Honoring Nancy, a true master teacher

Put yourself in the place of a master, of what is immaterial. It’s a way of being, not a relationship to something. Masters learn to flow. Masters don’t whine. Masters have fun.

Hilarion

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Today Hilarion and I pay homage to my teacher, Nancy Retzlaff. She passed peacefully from our third-dimensional world on Monday May 27, 2013. She was an extraordinary and inspirational being—warm, funny, kindly, spiritually solid, and definitely not stuffy. She understood that the immaterial was truly important, but she was grateful for and relished experience in the material world, too. Nancy knew how to have fun and enjoy life, while maintaining absolute personal integrity. She exemplified everything I might hope to be.

Hilarion suggested I might share some excerpts from my recently published book The Sharing: The Owner’s Manual for Being Human that illustrate what Nancy was (and still is) all about.

From the Acknowledgements

“Nancy Retzlaff conveyed the message from the Council of Seven that got me thinking about this material. She is the most valued of teachers, someone who practices what she preaches. She has my deep gratitude and respect.”

Nancy walked her talk with grace and ease. She seemed to adapt to changing circumstances effortlessly. She was the perfect example of someone who kept their beliefs, thoughts, words, and deeds in absolute alignment, creating harmony of the inner and the outer world.

From Chapter 12, Are Our Lives Spiritual Enough?

“We do not have to lead a contemplative religious life to be spiritual, although it is okay to do so, and it is highly recommended if it truly brings us joy. We merely need to live our usual lives from a different place of perception. If we open to the sharing within and are grateful for what life brings us, we will find richness and happiness in ordinary, everyday events. We don’t so much need to be holy as wholly connected to the sharing within and wholly in love with life. This is a spiritual lifestyle.”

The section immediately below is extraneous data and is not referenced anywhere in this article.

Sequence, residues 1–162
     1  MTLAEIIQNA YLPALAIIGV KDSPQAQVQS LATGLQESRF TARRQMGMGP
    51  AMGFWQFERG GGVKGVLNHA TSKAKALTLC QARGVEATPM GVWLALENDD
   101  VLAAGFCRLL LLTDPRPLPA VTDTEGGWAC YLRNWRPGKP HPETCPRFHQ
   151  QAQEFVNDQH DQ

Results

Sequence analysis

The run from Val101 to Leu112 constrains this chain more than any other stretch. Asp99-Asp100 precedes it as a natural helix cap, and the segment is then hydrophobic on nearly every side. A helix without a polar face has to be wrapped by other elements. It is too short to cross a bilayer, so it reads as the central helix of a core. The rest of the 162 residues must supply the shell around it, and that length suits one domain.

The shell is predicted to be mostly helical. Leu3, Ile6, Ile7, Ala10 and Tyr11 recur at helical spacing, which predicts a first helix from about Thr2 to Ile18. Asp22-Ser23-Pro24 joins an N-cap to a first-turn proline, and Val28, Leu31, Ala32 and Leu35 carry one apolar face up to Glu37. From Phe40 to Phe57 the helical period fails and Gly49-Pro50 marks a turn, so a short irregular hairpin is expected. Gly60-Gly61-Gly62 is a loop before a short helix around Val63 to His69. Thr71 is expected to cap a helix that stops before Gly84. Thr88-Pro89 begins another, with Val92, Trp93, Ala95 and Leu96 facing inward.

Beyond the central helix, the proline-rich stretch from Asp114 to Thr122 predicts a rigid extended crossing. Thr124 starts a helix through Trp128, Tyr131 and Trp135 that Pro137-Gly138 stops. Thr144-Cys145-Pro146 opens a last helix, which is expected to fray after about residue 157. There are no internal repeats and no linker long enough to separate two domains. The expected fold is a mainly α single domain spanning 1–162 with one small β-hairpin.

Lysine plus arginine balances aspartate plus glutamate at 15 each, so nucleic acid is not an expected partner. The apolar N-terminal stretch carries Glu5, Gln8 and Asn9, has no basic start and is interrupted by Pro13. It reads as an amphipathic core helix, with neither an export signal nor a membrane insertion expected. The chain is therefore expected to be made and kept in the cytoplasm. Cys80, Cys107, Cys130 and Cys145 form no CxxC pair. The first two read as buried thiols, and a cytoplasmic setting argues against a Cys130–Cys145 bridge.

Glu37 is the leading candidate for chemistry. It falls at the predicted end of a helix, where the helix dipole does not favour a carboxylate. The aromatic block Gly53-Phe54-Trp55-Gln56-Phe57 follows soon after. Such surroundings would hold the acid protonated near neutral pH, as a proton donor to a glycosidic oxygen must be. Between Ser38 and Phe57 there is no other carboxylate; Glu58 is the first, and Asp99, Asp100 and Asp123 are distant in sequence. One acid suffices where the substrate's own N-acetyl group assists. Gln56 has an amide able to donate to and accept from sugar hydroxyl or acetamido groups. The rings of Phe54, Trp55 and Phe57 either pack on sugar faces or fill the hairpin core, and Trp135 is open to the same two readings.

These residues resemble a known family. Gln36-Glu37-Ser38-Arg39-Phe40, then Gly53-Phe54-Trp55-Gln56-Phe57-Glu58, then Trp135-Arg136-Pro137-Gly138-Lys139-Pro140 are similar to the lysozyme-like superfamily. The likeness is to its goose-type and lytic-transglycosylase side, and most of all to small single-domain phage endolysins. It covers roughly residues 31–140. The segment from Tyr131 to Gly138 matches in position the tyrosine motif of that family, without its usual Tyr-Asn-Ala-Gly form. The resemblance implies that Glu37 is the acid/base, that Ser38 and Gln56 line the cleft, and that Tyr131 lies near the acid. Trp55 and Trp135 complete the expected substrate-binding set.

Nancy certainly was no nun. She enjoyed her food and drink and socializing with friends and family. She also enjoyed her private quiet meditation time—what she called Mount Bedroom. She really shone in her role as a teacher. She understood that all of the strife, conflict, fear, and judgment is the illusion of separation consciousness. She perceived life differently than most of us do, honoring the divine nature in everyone. Her aim was to be joyful no matter what went on around her. She didn’t complain. She took personal responsibility for her reality. Her approach to life was absolutely spiritual and also made her great fun to be around. I believe all of her friends and students hope to grow up to become Nancy one day.

From Chapter 23, Death of the Body